Michel Roux Jr, at your service…

Michel Roux's Service

Following his role in Masterchef: The Professionals, Michel Roux Jr continues his rise towards TV stardom with the new 8-part series “Michel Roux’s Service”, currently showing on BBC2 in the United Kingdom.

The premise, as described on the BBC website, is that “Michel Roux sets out on a personal mission to train eight young people as front-of-house superstars” – in short, this is “Jamie’s Kitchen” for waiters. The eight contestants are aged from late-teens to mid-twenties, and include a teenage mother, a cleaner, and a history graduate who can only get jobs in office admin. At the end of the series, two contestants will be given “scholarships” to kick-start them in the industry, and help Michel fulfil his dream of improving the general standard of service in the UK (good luck with that one). We don’t know exactly what the prize is, but I imagine it to be something like a job cleaning toilets in a wierd Swiss boutique hotel.

In the first episode we’re introduced to Fred Sirieix, a top London maitre d’ and one of Michel’s proteges. Following a posh meal and some hi-jinks, self-doubt and firm-but-inspirational bollockings from Fred and Michel, the contestants are left to manage a dinner service in a busy chain restaurant. They cope reasonably well to start with, but as you would expect it all falls apart at the end. Comic relief comes from Nikita repeatedly offering diners “a glass of prosciutto” and Ashley hiding when he finds it all too hard and announcing that he was going home  as soon as his last customer left. I expect him to make me want to throw things at the TV during forthcoming episodes.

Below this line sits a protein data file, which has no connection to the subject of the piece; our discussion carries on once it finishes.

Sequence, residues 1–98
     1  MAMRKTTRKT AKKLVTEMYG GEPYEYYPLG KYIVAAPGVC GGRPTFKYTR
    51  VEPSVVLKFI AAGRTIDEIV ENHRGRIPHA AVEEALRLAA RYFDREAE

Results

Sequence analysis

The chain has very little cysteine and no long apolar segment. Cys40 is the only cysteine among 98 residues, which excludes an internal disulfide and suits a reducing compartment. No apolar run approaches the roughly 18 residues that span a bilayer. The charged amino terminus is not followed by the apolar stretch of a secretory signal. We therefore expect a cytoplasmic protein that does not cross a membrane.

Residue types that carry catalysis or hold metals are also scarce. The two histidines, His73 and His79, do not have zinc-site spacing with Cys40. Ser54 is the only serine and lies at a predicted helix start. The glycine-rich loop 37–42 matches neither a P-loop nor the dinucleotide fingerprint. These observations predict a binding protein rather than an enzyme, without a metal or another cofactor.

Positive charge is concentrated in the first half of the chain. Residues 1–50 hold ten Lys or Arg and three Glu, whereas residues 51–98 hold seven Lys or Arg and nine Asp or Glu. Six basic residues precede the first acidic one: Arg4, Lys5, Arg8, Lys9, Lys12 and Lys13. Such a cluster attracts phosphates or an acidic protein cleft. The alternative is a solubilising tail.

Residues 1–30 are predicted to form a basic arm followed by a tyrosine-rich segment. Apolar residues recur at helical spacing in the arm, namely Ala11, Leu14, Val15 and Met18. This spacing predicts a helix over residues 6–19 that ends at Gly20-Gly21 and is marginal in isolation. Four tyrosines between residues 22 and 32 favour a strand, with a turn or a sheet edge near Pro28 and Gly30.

Typical back-of-the-taxi-revelations aside (“I’m just beginning to realise the enormity of the challenge we’ve got ahead” etc), you really do get the feeling that Michel is wondering what the hell he is doing there. Surely he’s got better things to do, and there must be a string of young people a mile long who would relish such an opportunity without the incentive of TV fame and a shiny prize. At least when Jamie Oliver opened Fifteen he was working with disadvantaged people in a charitable context. These contestants need some life direction for sure, but they’re not drug addicts, criminals or on the poverty line. A good kick up the backside is what most of them need.

In the second episode, the trainees have a go at running a busy London cafe. 18 year old Brooke gets off to a great start by turning her back on a long queue to swap phone numbers with a random cutomer. Cut to a quick studio interview with her, and she looks like she’s either been drugged or there’s a gun to her head just out of shot. Michel politely reminds her that “it’s not a knocking shop”.  23 year old Jarel minces his way up and down the counter shouting “black pudding” so sarcastically that I feel like I’m watching Little Britain. The next challenge is dinner service in a top Birmingham Indian restaurant, and the drama continues.

Of course, this is reality TV – we have a group of carefully selected people thrown out of their comfort zone and left at the mercy of editors who will create drama and conflict whether it’s there or not – but there’s no point in criticising the show for being part of its own genre. On a positive note, it was certainly a refreshing change to get an insight into the demands on the other side of the kitchen in Michelin-star land, and I will certainly keep watching until the end. No doubt in Australia it will surface on Lifestyle Food in due course, and I’d recommend tuning in when it does.

About the author


Martin was born in England but now lives in Perth, Western Australia. He has a passion for breakfast, coffee, hot curries & fast food, and is a cat & Dalek person.

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